Jesus came among us, went in and out with us, and died on a cross for us—struggling against the law that we see as a demand, “I am the Lord your God.  I shall be your God and you shall be my people.”  Jesus changes that into a promise.  Jesus won the struggle by his resurrection.  The risen Jesus was witnessed by the disciples of Jesus, even five hundred people saw Jesus all at once.  Jesus’ ministry is to give us his death so that we have life, his mercy that overcomes all judgment, his forgiveness that silences the law.  Jesus has given us a new place, a place with him, a place in his mercy, a place in his forgiveness, a place with his Holy Spirit, and a place to live with him forever.

Step 5: Advanced Prognosis (Internal Solution) :  Faith Is Built in Us
Jesus’ ministry includes giving all people faith in his promises.  It’s like his promises are boards of wood used to build a house.  When his promises are spoken, the Holy Spirit takes those boards of wood (the promises of Jesus) and with them builds faith in us.  The Spirit needs those boards because the Spirit cannot build faith without them.  We always need to hear those promises of Jesus so we can have our new place—that is, faith in Jesus.

Step 6: Final Prognosis (External Solution) :  In Every Place We Witness To Jesus
We now live by faith in Jesus, which means we have faith in Jesus as we are in the places God has given us.  They are places to give (witness) mercy, to give (witness) forgiveness, to give (witness) love.  By our merciful ways we witness to Jesus’ mercy for them.  Faith lets us see that doing work in the places God has given to us is obedient work and well-pleasing to God.  Changing diapers, picking carrots and beans, cooking, cleaning, are all wondrous deeds to God because of our faith in Jesus who died on a cross.  God made even dying on a cross a wondrous deed by raising Jesus from death.  As Peter and the hundred and twenty chose one among them to be a witness of the resurrection, to be given the share that was originally allotted to Judas, so now by baptism into Jesus, we also receive the Holy Spirit and get to be witnesses to Jesus’ resurrection.  Eventually people who are smug in their choosing of their own place will be humbled; they will be shown they cannot do what they chose to do, such as by a broken leg or surgery on a shoulder or arthritis.  God does this humbling so that we see that we need Jesus’ help to be put into his place of mercy that he has made for us.  When we are humbled, such as when we feel we cannot handle dying or the death of a loved one, then the news of Jesus dying for us becomes very good news because he deals with death for us.  In death there is life; in being blamed there is mercy; in grief there is comfort; in weakness Jesus is our strength.  In all the places God gives us, we now trust they are good places, places we get to be Matthias and bring Jesus’ new place to the people in the places we live and work.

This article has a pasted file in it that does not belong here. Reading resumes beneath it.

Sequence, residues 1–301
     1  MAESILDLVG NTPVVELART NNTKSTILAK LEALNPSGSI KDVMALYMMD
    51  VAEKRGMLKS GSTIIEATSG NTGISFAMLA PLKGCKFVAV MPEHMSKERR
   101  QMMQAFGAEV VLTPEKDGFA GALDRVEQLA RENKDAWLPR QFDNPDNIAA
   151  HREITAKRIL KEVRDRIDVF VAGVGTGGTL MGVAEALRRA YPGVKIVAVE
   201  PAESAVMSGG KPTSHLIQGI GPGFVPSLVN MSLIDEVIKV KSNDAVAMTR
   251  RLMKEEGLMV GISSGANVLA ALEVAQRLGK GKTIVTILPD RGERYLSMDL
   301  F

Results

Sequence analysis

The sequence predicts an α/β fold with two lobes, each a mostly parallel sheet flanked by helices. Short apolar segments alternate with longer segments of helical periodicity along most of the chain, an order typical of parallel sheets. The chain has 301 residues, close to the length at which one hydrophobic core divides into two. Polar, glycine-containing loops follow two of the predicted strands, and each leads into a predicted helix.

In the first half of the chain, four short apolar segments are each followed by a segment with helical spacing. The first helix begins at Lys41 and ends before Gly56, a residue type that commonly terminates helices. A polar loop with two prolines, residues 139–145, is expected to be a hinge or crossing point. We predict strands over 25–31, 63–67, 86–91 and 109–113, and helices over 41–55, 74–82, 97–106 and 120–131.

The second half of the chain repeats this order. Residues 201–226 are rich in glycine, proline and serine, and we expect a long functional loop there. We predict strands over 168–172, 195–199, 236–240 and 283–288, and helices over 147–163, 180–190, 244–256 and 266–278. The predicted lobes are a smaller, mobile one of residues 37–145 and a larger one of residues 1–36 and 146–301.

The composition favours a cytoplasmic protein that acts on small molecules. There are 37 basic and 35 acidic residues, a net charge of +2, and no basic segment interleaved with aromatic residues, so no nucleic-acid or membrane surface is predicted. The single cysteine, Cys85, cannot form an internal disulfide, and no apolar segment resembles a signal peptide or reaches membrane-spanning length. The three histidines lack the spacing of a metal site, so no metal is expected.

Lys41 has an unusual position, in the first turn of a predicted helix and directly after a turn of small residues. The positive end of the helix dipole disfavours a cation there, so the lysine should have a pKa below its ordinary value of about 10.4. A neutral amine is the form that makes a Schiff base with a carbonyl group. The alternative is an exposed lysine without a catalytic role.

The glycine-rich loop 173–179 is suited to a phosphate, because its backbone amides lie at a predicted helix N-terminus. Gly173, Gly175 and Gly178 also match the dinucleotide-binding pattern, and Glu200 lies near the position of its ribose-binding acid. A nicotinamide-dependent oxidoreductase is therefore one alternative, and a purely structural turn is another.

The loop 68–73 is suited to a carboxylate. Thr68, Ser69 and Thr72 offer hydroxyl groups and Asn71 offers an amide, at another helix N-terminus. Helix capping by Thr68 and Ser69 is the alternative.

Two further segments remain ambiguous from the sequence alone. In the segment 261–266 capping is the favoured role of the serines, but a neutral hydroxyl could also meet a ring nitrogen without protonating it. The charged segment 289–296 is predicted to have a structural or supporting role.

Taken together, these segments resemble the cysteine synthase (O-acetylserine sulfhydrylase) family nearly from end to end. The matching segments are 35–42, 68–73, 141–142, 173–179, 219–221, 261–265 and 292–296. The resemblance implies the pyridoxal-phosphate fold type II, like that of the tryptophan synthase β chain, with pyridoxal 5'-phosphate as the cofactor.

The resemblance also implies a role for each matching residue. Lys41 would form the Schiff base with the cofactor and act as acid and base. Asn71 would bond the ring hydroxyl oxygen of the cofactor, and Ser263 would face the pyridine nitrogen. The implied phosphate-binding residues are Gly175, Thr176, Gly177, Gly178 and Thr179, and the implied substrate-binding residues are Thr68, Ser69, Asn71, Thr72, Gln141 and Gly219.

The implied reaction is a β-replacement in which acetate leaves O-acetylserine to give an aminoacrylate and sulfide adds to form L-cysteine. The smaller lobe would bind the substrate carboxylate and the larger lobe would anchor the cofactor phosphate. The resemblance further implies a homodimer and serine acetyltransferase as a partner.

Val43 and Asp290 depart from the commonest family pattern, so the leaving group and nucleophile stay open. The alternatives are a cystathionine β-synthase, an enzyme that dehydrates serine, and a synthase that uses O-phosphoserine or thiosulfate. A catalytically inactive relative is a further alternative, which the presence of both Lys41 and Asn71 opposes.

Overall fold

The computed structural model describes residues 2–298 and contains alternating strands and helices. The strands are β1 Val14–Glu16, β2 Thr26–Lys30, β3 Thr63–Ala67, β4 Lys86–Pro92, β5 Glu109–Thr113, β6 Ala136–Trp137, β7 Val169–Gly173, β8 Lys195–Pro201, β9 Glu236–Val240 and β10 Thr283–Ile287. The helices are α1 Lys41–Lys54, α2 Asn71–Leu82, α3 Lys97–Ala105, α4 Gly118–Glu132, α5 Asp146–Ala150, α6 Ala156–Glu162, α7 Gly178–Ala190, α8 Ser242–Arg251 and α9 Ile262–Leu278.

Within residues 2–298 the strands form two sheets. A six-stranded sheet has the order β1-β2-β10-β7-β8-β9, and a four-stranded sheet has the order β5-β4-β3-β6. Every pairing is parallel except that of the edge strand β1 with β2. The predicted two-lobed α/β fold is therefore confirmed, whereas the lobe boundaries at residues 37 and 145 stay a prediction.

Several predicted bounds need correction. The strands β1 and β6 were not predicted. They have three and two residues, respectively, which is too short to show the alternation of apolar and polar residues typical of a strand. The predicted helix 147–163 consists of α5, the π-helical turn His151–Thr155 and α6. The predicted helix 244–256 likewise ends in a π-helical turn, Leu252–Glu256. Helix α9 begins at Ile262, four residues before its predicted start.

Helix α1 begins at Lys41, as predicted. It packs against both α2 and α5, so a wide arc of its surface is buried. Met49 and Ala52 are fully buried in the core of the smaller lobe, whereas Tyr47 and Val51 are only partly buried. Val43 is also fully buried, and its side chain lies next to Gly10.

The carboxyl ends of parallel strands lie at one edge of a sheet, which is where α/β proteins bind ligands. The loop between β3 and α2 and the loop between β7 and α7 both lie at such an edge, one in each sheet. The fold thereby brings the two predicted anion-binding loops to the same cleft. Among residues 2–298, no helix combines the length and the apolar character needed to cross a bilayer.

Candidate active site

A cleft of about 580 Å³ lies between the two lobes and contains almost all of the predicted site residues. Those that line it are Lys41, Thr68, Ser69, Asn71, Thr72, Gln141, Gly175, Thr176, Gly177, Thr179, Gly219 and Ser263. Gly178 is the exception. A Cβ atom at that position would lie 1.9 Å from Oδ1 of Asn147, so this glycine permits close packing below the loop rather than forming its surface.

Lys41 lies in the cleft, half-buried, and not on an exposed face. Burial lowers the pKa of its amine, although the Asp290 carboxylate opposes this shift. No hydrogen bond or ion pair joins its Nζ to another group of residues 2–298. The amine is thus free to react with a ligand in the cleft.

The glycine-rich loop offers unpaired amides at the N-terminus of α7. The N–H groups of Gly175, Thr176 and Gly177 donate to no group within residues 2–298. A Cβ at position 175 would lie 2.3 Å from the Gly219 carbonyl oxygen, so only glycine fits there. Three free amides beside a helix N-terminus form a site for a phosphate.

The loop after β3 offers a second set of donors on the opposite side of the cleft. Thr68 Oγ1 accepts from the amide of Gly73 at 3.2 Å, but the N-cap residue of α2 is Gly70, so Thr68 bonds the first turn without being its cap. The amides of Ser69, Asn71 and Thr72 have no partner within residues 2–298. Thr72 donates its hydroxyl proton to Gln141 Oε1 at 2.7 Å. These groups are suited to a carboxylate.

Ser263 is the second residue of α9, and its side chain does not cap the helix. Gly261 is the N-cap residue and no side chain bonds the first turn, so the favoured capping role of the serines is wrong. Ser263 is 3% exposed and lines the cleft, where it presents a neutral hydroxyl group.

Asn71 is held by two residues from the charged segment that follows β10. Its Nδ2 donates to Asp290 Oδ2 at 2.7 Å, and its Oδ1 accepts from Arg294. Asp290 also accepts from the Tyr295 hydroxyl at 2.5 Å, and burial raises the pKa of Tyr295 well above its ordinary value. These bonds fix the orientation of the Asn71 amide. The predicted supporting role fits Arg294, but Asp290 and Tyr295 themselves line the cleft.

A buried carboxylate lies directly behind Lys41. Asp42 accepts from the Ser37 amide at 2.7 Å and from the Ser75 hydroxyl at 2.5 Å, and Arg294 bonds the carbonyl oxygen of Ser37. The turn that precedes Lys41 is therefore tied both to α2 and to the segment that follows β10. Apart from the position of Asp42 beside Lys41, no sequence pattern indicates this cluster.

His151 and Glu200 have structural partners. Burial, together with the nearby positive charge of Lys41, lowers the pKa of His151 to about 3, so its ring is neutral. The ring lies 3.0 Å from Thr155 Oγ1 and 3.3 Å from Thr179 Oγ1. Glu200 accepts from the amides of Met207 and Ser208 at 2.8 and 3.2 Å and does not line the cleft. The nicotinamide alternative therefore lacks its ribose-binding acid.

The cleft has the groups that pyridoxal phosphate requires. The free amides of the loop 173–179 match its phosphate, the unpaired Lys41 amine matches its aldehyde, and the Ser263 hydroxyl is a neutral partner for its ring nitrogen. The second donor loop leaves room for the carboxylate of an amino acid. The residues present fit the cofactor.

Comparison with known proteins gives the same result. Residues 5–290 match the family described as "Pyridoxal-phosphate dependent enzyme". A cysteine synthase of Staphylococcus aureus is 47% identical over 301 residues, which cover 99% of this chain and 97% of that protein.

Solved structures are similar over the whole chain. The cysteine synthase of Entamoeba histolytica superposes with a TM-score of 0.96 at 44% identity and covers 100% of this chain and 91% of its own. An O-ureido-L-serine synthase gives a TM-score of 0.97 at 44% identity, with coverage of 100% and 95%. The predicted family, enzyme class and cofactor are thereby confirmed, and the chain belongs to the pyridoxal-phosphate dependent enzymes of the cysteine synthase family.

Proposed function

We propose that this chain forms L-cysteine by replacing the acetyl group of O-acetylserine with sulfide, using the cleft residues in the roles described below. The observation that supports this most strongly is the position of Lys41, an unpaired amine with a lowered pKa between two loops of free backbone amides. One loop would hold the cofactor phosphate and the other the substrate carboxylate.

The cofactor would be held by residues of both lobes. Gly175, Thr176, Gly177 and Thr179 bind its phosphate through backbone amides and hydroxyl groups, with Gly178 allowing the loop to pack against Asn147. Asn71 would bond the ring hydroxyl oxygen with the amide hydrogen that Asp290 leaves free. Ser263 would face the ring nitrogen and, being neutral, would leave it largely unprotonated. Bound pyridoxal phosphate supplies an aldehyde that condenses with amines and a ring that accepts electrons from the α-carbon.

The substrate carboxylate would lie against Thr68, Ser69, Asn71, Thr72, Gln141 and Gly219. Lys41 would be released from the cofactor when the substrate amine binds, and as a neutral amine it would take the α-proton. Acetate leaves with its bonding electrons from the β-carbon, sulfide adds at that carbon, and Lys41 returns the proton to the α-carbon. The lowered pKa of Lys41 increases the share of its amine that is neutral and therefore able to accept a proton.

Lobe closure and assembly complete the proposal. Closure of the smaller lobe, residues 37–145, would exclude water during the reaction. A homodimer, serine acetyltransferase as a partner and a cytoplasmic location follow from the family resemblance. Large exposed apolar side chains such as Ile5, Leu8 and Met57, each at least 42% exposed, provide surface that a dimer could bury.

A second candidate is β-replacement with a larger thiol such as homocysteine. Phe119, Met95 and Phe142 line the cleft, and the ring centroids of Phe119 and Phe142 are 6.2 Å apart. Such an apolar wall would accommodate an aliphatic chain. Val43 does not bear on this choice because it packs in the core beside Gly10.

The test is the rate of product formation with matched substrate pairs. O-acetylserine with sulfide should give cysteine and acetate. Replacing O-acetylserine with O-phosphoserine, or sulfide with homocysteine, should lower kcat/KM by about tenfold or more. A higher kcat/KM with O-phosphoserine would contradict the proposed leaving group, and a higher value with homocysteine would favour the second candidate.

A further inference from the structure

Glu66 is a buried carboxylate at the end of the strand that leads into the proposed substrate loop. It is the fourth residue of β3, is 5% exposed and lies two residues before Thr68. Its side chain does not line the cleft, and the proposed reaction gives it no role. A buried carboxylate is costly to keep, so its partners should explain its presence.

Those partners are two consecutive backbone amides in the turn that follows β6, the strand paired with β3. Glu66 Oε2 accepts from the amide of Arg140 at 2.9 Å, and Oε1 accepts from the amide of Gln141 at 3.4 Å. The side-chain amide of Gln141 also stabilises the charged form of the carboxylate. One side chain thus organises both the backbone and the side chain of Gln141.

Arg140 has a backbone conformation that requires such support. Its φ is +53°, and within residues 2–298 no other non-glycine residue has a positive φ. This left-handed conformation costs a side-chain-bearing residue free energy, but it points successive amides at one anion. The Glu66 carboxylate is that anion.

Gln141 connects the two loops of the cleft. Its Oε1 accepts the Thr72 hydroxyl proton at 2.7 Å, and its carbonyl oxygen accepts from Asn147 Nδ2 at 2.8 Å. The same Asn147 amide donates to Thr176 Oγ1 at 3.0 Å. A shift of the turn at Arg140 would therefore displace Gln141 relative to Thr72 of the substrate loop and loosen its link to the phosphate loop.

• Crossings

    Crossings is a community of welcoming, inquisitive people who want to explore how what we hear at church is useful and beneficial in our daily lives.

    View all posts

About Us

In the early 1970s two seminary professors listened to the plea of some lay Christians. “Can you help us live out our faith in the world of daily work?” they asked. “Can you help us connect Sunday worship with our lives the other six days of the week?”  That is how Crossings was born.


The Crossings Community, Inc. welcomes all people looking for a practice they can carry beyond the walls of their church service and into their daily lives. We do not discriminate on the basis of race, color, ethnic origin, or gender in any policies or programs.

What do you think of the website and publications?

Send us your feedback!

Site designed by Unify Creative Agency

We’d love your thoughts…

Crossings has designed the website with streamlined look and feel, improved organization, comments and feedback features, and a new intro page for people just learning about the mission of Crossings!